The function called “loading()” is essentially stopping us from viewing the page, which a timeout of 10, it almost instantly rewrites the whole document, only showing the angry nag message, this, will only work inside a browser. If you download the page you can remove the javascript and rerun it from a browser.

When inspecting obfuscated code in the browser we can get a few clues into whats happening here, the obfuscator isn’t too hard as it saves the strings at the end of the code. It has been obfuscated multiple times making the size of the obfuscated code quite sizeable. The loadimg() function seems to be loading “here.gif”. If we don’t use the web browser correctly we may not of understood the result. We now need to try and request for an image on the web server.

The image has some EXIF data that could be interesting, if we look at the “headline” we find the flag that we want.

We also have some other obfuscated code at the bottom of the page with a cryptic comment, the comment is caesar cipher which can easily be bruteforced. The result of this cryptic message is a wikipage to esoteric programming languages which will give you a hint on what the obfuscated code is which looks crazy.

The obfuscated code is called JSFuck and is pretty characteristic when we see ![]+]()[+]

There is a tool called JSUnFuck so we don’t have to deal with understanding all of the complexities of the obfuscation. The deobfuscated text shows us a apparent file listing which we should probably try and visit.

Going into the javascript of this page we see a function called “rotateit”, this is a hint to the user to use “rot” when trying to understand another cryptic message. Bruteforcing will suffice, the page actually does a barrel roll when being viewed on a browser.

The Amiga Voyager was a web browser, there are only a number of user agents out there, the message is hinting to view the page with Amiga Voyager, but we can of course, spoof this with a user agent.

After spoofing the user agent we get a link “to the next” and a flag that rewards us for our hard work so far!

The next page requires us to understand what unix time looks like, these numbers look random but they are not, the unix time is jumping every two years. The next answer for the domain would be the unix time for the last domain + 2 years.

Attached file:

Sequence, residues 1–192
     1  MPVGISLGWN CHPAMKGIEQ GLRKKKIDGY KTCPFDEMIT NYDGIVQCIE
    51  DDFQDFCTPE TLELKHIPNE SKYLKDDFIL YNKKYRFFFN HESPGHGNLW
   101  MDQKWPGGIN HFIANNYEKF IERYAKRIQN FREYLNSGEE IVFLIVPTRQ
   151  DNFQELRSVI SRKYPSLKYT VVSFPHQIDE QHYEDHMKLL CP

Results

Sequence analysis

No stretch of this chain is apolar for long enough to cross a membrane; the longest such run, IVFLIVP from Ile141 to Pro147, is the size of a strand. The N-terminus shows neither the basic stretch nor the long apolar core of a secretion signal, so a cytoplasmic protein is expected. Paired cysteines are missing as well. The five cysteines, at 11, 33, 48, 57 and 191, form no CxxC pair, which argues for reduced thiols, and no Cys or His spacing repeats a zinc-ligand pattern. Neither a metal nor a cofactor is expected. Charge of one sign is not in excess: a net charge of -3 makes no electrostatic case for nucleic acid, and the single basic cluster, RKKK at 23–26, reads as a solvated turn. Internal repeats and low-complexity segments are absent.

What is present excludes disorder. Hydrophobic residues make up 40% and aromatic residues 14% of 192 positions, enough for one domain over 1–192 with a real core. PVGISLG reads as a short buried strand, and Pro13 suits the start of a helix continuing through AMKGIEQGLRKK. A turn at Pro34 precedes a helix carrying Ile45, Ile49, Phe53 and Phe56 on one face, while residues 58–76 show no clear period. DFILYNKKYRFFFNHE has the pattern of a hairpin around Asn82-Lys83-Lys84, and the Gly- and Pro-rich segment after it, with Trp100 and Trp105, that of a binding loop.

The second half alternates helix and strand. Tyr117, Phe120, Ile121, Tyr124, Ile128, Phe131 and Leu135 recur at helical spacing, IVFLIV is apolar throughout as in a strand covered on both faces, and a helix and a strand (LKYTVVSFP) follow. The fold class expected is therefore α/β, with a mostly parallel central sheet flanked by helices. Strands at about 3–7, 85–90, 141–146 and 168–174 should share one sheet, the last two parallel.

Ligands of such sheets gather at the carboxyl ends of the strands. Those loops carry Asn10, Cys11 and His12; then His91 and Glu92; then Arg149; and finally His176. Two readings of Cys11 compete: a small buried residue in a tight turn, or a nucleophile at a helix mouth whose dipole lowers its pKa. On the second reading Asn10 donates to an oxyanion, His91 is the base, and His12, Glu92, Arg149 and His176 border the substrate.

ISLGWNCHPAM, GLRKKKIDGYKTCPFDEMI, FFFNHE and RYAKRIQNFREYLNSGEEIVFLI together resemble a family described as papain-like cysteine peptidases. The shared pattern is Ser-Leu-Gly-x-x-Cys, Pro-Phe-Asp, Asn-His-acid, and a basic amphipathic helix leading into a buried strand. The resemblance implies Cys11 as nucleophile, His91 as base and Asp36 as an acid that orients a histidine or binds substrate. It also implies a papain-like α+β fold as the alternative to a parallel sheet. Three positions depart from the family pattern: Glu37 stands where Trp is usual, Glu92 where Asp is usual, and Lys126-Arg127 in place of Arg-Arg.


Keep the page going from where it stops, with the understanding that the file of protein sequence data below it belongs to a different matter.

You get a flag for your good work in identfying unix time and the text for the next challenge after form submission.

Visiting this page gives you a 4 pixel bmp picture, it’s important that you check the header when viewing this page as well, it allows you to understand whats going on by viewing the instructions and also gives you the hint not to include padding bytes for the 4 byte alignment. Essentially this challenge has you trying to understand the bmp file format in a little more depth.

You can move the offset of the data essentially anywhere (“A2” in offset position for 4 pixels) , if you don’t look at the file format properly, you may not fully understand what the hex is saying. The “F” next to “bant” is supposed to throw someone off by looking like it’s included but it’s not. The red is what we want, and the padding bytes in blue are things we don’t want to include when hashing our values. The instructions are clear, get the values of the 4 pixels and hash them with “.php” to get the next page.

Instructions that probably make more sense than me right now.

Hashing to the right page will leave you with this page, you may notice if you’re cool that a parameter has been appended at the end of your request “?quote=quote.txt”, interesting some web app sec hackers may think. Is that an LFI?

Of course it is! Gives you youre flag and your next URL! Note, you can see from the code this will only work for these two files.

You will arrive at this page, which may look a bit like a web shell many may know 😉


end of part 1